What will the extradition of Meng Wanzhou mean for relations between Canada, China, and the U.S.?June 10, 20202 min read
There is the rule of law, and there’s politics – but what happens when you are a country like Canada stuck in the middle of an ugly legal battle between China and America?
This Monday, in Vancouver – a hearing is underway that will see one of the world’s titans victorious and the other, probably quite angry.
Legal arguments at the B.C. Supreme Court in the extradition case of Huawei executive Meng Wanzhou may stretch into next year.
Crown lawyer Robert Frater told the court Wednesday that lawyers for both sides will propose a new schedule later this month that would bring the hearings to a close in early 2021 at the latest, instead of this fall.
The Unites States wants Canada to extradite Meng over allegations she misrepresented the company’s relationship with Skycom Tech Co., putting HSBC at risk of violating U.S. sanction against Iran, a charge both she and Huawei deny.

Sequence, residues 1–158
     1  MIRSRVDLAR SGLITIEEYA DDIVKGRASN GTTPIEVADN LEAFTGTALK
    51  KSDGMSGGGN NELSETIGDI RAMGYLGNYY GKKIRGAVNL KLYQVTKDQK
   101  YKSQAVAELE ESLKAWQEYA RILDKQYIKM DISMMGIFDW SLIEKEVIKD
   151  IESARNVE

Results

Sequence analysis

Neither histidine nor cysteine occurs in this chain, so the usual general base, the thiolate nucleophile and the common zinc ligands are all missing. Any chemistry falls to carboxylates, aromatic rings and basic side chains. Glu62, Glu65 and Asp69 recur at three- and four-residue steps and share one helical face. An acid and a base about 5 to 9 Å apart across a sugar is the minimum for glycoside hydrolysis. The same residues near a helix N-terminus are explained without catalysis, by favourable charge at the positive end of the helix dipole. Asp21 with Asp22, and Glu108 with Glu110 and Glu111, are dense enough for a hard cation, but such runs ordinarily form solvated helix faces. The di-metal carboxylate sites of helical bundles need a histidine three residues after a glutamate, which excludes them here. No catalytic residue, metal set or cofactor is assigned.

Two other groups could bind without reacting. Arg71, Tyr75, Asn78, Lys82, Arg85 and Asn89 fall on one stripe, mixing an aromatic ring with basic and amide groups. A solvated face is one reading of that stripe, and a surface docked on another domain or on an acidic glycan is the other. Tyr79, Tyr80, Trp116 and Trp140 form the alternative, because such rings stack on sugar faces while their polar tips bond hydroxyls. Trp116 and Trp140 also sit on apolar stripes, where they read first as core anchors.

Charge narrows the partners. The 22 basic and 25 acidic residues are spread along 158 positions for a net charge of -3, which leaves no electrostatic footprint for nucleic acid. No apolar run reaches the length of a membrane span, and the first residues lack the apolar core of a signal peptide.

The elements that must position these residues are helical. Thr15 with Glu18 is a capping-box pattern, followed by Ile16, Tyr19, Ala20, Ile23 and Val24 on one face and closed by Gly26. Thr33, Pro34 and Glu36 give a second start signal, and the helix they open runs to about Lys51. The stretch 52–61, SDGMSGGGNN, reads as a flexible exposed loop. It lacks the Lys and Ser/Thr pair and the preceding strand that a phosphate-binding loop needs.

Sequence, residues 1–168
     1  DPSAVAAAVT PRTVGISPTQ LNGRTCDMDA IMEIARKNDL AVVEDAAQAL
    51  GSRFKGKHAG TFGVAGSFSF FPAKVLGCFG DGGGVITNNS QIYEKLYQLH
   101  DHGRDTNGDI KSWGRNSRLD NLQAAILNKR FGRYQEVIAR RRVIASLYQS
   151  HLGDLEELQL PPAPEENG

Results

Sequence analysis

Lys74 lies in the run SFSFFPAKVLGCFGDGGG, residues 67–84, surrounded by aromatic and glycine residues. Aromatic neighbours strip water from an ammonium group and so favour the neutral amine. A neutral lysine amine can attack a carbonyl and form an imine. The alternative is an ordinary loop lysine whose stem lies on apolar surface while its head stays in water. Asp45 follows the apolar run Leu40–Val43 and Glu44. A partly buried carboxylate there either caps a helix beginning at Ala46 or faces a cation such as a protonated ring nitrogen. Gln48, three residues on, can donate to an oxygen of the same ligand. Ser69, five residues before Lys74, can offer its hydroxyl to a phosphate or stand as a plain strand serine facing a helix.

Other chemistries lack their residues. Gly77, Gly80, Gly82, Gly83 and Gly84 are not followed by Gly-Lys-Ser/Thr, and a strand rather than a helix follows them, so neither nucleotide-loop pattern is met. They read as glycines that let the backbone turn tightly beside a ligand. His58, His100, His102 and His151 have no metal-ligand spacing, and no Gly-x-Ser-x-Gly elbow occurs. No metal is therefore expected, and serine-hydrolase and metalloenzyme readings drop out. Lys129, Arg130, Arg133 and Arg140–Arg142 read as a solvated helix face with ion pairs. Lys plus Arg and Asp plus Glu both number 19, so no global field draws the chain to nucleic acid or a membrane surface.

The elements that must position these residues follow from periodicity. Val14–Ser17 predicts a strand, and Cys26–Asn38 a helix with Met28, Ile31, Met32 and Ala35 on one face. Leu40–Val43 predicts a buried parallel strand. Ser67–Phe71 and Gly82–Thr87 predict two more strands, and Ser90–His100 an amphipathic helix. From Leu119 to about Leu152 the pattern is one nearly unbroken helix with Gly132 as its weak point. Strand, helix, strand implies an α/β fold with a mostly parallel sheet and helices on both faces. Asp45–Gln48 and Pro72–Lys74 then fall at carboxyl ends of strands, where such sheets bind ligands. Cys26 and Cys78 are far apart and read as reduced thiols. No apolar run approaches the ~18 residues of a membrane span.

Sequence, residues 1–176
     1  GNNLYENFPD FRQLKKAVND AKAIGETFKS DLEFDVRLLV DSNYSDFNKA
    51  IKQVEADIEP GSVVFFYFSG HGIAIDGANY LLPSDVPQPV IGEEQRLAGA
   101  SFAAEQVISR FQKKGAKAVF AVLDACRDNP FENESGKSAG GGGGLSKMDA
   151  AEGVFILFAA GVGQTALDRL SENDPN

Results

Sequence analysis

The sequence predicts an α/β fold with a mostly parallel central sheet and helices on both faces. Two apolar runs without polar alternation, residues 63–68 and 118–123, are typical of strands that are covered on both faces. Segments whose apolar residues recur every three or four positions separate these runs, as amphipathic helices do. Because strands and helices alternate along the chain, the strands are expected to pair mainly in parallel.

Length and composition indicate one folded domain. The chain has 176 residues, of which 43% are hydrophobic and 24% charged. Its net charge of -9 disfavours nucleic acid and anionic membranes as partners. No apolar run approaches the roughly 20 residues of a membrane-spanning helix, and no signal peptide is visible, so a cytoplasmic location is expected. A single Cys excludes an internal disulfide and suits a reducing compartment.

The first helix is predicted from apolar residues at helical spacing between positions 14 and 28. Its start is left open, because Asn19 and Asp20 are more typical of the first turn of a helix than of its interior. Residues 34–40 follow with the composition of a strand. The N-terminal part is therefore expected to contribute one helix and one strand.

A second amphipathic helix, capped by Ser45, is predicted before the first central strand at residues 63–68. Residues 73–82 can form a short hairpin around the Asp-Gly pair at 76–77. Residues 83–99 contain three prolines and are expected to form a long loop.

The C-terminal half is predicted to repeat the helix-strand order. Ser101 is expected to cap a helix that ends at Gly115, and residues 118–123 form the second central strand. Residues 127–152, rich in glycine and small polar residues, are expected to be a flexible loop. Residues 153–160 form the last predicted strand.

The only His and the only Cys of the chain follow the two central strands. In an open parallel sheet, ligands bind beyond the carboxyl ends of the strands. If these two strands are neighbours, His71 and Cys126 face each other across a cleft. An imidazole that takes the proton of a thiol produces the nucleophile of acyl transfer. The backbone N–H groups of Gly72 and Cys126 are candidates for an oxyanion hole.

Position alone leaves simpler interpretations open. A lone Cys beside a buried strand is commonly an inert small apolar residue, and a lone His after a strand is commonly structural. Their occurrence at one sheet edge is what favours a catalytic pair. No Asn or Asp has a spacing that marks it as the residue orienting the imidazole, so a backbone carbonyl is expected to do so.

Associate Chief Justice Heather Holmes dismissed the first phase of arguments last week by Meng’s lawyers who claimed the case should be thrown out because the U.S. allegations against her wouldn’t be a crime in Canada. Global News - June 03
It has been a long and drawn out process and will likely stretch into this year, and odds are patience is wearing thin.
- Can any of the countries expect retaliation and what would that look like?
- Is the United State right seeking extradition of this official?
- Will a change at the Whitehouse see this effort dropped?
- And what are the underlying issues at play that may be attributing to this drama?
If you are a journalist covering this topic – then let our experts help.
Dr. Glen Duerr's research interests include comparative politics and international relations theory. Glen is an expert on this subject and is available to speak to media regarding this topic– simply click on his icon to arrange an interview.
Glen Duerr, Ph.D. Associate Professor of International Studies
Dr. Deurr's research interests include nationalism and secession, comparative politics, and international relations theory